If that is not enough to raise the alarm, ponder the stated desire of Mr Mahar to make the primary sector, in his words, “progressive”.
“We’ve moved on [from the NFF’s former agnostic position] and recognised that within the farming and agricultural industry, climate change poses a significant challenge,” Mr Mahar said.
“We need to act to ensure our economy and our sector reduces emissions and better adapts to climate change.”
He said the decision reflected the fact that farmers’ views had changed and would give the federation the ability to be more engaged in debates around climate change.
“We need to be part of the conversation, we want to be progressive and engaged in the debate,” he said.
The NFF firmly believes that Australia’s minuscule 1.3% of global emissions is enough to cause and enhance drought. Unless the NFF publicly rejects this assininity the day will come, and not too far in the future, when farmers are forced to farm according to the climate change doctrine. This will be worse than any natural peril. Importantly, despite what the warmists’ media shills would have you believe, the NFF does not speak for all farmers. This needs to be understood by all observers.
Never far away from the words ‘climate change’ is ‘social licence’. It may have a vague meaning and ambiguous application but a social licence will deny a farmer their lawful right to farm. In essence, green groups and environmentalists will determine what are and are not acceptable farming practices. The number one objective is to strangle agriculture because we emit carbon dioxide (nature’s plant food) and save the environment from us.
If there was ever an example of an agricultural industry dodging a bullet, it was the grower-funded Grain Research & Development Corporation (GRDC) commissioning a $500,000 report in 2012. The document pushed for the fabled ‘social licence’ to be issued before farmers exercise their presumably qualified ‘right to farm’. Here’s a quote from the introduction to the “discussion paper” (emphasis added):
Communities and markets are actively setting higher expectations for food safety and natural resource management. The ‘right to farm’ has effectively been replaced by the need to earn a ‘social licence’ to use natural resources in production of food and fibre. Not only do farmers need to comply with legislation and follow good farming practice, they also need to demonstrate their credentials and adoption of good practice.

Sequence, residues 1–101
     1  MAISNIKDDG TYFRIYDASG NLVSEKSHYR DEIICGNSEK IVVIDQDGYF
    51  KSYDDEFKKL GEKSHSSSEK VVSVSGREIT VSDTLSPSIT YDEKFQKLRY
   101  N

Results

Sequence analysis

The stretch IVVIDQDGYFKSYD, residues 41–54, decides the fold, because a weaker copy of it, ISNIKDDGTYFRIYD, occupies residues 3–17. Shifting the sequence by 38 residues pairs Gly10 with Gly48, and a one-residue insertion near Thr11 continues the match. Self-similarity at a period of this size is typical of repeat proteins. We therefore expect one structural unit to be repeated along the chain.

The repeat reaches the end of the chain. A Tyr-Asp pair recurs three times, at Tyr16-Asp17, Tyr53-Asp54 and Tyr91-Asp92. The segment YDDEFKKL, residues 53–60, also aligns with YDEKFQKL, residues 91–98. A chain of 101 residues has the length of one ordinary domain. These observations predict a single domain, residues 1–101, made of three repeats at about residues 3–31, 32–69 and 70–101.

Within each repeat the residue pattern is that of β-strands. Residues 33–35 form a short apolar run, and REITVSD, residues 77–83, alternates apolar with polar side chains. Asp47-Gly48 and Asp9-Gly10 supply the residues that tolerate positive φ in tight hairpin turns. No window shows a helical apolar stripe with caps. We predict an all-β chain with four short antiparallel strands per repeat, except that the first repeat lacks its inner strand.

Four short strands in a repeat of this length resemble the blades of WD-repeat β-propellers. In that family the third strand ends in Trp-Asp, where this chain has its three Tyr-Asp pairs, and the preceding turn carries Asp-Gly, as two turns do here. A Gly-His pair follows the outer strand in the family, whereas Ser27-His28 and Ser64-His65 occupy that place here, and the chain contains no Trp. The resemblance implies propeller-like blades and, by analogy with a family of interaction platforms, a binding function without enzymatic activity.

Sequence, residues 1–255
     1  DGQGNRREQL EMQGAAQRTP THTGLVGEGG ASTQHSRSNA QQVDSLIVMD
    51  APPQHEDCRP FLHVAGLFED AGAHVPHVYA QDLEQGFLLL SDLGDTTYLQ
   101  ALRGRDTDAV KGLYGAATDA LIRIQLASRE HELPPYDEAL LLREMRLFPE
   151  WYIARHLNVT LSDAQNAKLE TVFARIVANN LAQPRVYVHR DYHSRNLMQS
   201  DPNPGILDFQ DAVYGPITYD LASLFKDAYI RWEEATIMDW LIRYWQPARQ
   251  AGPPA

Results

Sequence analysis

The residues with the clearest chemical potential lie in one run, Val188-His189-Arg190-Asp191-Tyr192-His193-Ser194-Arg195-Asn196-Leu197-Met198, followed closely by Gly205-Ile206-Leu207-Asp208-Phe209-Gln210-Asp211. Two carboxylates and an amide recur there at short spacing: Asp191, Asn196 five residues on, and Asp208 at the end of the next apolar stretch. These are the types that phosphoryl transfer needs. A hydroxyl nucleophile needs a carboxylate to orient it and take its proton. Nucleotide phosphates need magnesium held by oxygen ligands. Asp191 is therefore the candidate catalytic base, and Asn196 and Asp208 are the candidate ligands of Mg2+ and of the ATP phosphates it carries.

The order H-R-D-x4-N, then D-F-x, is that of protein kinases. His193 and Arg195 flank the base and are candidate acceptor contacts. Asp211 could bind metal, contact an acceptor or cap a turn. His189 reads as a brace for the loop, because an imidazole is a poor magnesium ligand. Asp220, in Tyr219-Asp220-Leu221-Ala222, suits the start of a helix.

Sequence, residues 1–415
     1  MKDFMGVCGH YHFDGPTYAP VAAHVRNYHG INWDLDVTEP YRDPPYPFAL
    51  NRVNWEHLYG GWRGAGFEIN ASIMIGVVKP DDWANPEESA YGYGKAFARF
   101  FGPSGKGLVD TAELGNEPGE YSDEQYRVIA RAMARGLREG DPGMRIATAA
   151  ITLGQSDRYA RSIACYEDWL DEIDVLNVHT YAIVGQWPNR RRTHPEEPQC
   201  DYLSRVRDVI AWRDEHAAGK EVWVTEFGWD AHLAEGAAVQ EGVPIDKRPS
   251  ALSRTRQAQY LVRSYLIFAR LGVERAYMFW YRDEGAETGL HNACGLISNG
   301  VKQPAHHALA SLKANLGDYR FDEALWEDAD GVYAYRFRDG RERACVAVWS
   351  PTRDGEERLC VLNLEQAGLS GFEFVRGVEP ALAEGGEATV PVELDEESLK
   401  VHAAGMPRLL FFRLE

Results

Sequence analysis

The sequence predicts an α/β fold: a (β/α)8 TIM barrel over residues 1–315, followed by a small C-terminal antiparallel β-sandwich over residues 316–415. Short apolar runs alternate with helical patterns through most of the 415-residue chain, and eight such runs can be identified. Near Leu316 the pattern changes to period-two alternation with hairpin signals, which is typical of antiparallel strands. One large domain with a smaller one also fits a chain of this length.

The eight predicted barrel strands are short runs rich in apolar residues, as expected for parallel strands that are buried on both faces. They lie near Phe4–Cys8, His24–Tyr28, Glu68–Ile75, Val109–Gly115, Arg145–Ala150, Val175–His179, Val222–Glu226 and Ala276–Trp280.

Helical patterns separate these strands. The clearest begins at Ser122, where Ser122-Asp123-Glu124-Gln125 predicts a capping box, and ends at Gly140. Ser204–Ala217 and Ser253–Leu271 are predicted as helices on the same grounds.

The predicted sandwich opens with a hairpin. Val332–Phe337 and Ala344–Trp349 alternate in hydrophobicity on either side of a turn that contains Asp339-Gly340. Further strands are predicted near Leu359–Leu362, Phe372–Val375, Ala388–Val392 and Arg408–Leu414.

Within the report ‘carbon footprints’ were cited as being a community concern. Had the program been mandated farmers would be subjected, by way of enforceable rules, to the whims and edicts of climate-change ideology. A growers’ push-back was enough to see the program and its objectives shelved, at least for the moment. This highlights the need for vigilance over the organizations that we trust with our hard earned money (levies).
We reject the calls for government to be involved in overseeing and regulating farming businesses. History tells that this variety of interference leads to a central planning bureaucracy and edicts from on high. Remember, under the Paris agreement which the likely and looming Labor goverment is certain to honour and uphold, emissions from agriculture and transport sectors must be reduced. So far the push has been against the power industry, and we have all seen the mess and ruinous expense those strictures have imposed. With the pressure now being turned on other industries, farmers do not want to see our industry hijacked by an ideology so ignorant and spiteful of human advancement and resilience.
We are proud farmers providing the consumer market, both at home andoverseas, with an affordable and sustainable supply of quality food. As growers, we love carbon dioxide.
John Snooke produces wheat in Western Australia.